I awoke, surprisingly, with ease, dressed myself, put on my nowadays, minimal makeup, and I fixed my hair. My mom drove herself to work as I braced myself in the passenger seat. She enjoys tailgating, but swears she doesn’t do it. I got into the driver’s seat after dropping her off and drove to my dad’s house. I was early and we left early, so my dad and I made a pit stop at the local Starbucks where I was instructed to get him a venti vanilla latté with whole milk and no foam. For me, a cappuccino.
My dad and I arrived at the Kansas City Cancer Center (KCCC) quite early, but after he checked in, there was not much of a wait at all. The realization that I was sitting in a roomful of cancer patients was powerfully sobering. And not only cancer patients but also cancer patients of all ages. A tall, dark, attractive young man presumably around my age, strolled in with a cane in his left hand and following him, a young child, eight maybe nine years old, rolled in in a wheelchair, her balding head shocking to my keen senses. I sighed, internally, and continued to read the magazine the center provided with loads of information on what to expect with chemotherapy and ways one can minimize the side effects. I decided I’d bring notes next time or see if I could take one of the magazines out with me.
After the short treatment, my dad needed to run errands. We picked him up a toaster and Eggo waffles at the local Wal-Mart because he said he’d eat that and only that, for breakfast. My dad needs to eat. He’s extremely skinny. This observation was proven by his constant yanking up of his loose jeans and later that night as he removed his shirt preparing for his bath. After arriving back to his home, he decided he was going to sleep before the rain came, so I let him be and returned to my mother’s house. I drove up to the coffee shop, Scooters, to access my email and catch up on some work. While sitting in my seat, responding to condolence emails, my friend and musician, Jason Damato, came on the coffee shop’s XM radio. This made me proud and I instantly sent him a message on Myspace, expressing my happiness for his continued success.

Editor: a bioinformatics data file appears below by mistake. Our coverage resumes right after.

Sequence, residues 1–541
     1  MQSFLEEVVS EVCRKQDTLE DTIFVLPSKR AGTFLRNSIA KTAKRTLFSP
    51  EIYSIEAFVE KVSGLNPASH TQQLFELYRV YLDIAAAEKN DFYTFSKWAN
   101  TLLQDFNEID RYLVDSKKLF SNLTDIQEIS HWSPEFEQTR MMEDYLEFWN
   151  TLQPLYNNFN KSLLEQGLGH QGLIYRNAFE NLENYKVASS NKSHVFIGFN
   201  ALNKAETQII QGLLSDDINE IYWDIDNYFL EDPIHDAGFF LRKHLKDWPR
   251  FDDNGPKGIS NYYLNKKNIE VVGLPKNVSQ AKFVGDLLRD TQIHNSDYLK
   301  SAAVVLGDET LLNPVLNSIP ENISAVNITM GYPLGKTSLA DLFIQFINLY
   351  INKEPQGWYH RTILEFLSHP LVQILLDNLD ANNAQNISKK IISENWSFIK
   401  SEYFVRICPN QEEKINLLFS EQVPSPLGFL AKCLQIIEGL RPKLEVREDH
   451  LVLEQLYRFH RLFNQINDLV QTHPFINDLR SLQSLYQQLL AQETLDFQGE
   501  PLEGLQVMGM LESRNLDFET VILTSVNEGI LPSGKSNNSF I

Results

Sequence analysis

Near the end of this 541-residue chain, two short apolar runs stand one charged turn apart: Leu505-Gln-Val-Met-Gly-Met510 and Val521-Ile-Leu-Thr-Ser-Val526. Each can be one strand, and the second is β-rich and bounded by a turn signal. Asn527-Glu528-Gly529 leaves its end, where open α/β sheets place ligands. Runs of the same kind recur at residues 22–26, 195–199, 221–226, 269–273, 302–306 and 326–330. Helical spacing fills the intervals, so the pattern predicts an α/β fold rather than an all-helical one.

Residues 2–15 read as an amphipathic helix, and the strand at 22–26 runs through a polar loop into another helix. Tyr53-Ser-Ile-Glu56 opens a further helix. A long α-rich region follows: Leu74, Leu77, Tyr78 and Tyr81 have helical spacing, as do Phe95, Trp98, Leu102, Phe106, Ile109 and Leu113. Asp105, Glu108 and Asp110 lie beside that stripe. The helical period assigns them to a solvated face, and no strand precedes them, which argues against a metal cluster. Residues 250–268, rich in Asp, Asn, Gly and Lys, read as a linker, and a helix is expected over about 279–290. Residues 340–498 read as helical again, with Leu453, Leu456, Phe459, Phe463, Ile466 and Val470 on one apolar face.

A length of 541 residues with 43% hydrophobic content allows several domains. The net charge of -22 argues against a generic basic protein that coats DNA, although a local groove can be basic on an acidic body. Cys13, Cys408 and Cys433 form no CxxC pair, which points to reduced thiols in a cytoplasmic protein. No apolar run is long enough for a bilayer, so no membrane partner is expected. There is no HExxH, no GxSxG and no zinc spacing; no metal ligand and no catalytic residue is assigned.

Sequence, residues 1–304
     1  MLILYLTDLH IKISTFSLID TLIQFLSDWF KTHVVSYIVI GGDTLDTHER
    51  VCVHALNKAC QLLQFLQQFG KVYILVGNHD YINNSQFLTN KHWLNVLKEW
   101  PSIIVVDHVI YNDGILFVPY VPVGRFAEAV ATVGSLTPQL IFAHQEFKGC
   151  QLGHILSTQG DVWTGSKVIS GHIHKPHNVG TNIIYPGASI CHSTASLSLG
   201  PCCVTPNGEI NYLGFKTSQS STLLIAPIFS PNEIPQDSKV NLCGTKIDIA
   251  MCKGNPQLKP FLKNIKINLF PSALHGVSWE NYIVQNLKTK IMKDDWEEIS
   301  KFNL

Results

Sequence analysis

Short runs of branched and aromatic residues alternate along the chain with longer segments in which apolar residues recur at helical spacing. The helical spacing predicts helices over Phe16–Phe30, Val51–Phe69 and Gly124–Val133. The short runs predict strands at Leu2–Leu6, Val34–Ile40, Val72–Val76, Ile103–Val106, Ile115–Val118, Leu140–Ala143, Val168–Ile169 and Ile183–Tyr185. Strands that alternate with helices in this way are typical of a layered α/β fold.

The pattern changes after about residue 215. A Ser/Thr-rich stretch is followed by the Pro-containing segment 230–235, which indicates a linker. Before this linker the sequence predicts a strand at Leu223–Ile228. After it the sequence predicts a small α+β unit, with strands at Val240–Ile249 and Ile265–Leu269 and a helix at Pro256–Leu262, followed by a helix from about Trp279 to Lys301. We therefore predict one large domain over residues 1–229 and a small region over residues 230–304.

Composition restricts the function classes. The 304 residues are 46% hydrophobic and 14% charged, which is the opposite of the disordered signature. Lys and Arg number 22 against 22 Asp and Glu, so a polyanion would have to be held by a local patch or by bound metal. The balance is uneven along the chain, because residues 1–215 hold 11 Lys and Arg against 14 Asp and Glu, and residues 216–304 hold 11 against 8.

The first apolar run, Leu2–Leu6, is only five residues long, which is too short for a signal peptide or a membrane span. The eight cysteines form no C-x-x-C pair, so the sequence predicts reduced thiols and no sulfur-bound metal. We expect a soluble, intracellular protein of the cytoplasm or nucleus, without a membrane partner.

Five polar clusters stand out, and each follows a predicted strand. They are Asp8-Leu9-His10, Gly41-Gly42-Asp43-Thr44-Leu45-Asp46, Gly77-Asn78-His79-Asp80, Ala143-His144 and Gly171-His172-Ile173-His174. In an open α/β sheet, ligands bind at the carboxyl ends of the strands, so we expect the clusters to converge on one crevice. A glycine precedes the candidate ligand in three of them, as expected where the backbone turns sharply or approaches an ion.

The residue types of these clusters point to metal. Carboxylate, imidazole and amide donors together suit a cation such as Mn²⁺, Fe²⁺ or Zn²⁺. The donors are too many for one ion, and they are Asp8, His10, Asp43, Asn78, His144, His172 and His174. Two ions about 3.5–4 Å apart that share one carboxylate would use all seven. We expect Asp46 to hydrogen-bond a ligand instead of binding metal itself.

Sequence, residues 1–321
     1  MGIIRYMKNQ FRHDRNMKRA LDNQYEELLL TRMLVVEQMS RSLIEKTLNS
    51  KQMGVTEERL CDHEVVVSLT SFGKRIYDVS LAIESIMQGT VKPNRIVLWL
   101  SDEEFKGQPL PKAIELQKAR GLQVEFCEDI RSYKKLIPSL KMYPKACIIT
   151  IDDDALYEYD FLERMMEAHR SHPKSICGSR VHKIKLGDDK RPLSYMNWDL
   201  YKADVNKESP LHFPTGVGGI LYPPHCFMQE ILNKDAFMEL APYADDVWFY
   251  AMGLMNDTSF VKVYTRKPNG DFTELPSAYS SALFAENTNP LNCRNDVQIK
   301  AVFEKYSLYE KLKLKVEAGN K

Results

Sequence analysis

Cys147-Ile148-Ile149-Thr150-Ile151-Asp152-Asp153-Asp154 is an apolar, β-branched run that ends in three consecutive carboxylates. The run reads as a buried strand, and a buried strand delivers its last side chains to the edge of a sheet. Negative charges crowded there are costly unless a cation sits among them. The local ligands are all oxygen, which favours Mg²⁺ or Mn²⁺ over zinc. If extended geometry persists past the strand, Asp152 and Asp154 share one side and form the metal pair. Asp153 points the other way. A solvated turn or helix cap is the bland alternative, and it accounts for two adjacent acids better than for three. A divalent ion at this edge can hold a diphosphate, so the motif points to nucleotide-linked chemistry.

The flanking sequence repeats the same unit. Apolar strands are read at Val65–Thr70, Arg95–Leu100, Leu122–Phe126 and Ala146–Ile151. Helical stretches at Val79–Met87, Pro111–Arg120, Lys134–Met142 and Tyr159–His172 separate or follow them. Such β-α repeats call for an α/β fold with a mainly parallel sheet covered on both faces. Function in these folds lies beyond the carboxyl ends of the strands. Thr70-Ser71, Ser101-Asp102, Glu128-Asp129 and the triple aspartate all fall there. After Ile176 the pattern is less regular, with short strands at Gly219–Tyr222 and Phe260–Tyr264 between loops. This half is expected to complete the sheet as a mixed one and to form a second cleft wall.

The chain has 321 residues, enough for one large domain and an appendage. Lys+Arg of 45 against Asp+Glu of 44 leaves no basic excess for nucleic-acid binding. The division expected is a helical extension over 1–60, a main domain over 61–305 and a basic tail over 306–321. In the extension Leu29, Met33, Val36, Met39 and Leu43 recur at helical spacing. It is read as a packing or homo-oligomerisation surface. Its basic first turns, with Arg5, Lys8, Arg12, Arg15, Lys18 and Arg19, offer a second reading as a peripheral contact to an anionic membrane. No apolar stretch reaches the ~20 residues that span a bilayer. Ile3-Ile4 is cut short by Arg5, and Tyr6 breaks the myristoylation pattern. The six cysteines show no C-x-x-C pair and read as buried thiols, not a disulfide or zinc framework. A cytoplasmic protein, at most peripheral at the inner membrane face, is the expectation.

Shopping is therapy and I didn’t pack enough clothes for my prolonged stay, so my best girlfriend, Megan and I made a successful trip to Gordman’s. I came away with a few new tops and a pair of cute eyelet flip-flops. I picked my mom up at work shortly after our mind occupying shopping excursion. After slipping into my pajamas post eating an early dinner, I decided to dress myself again and visit my dad’s once more to check in on him. His cell phone was turned off and his mother, my nonna, was worried after being disconnected from him. He was fine when I arrived, but stubborn as ever. Linda, my dad’s girlfriend, had arrived shortly before I had and informed me that she couldn’t get him to just relax and sit down.
It was a challenging night of balancing acts, cigarettes, and further information that my brother had managed to call Linda but neither my mom nor I. After fetching my dad his latest craving form Sonic, a banana split, I had to split. I said, “goodnight,” and returned back to my mom’s around 9pm. Sigh, another difficult day with my father. But the morning had gone so smoothly. What was causing him to be so “out of it” as Linda described and I had observed? The possibility of drugs crossed my mind and I slipped into a déja vu. It’s like I’m fifteen all over again and baby-sitting someone who refuses to be taken care of but cannot take care of himself.
In April of 2009, I went to Kansas City to see my father through his radiation and chemotherapy treatments. Between intense longing for my home on the west coast and my then boyfriend that awaited my inevitable return, spending quality time with my dear mother and spending more time with a person I wasn’t very fond of but loved nonetheless, my father, I kept a brief log of the eventful days that passed by. That was day four of some of the longest three and a half months of my life.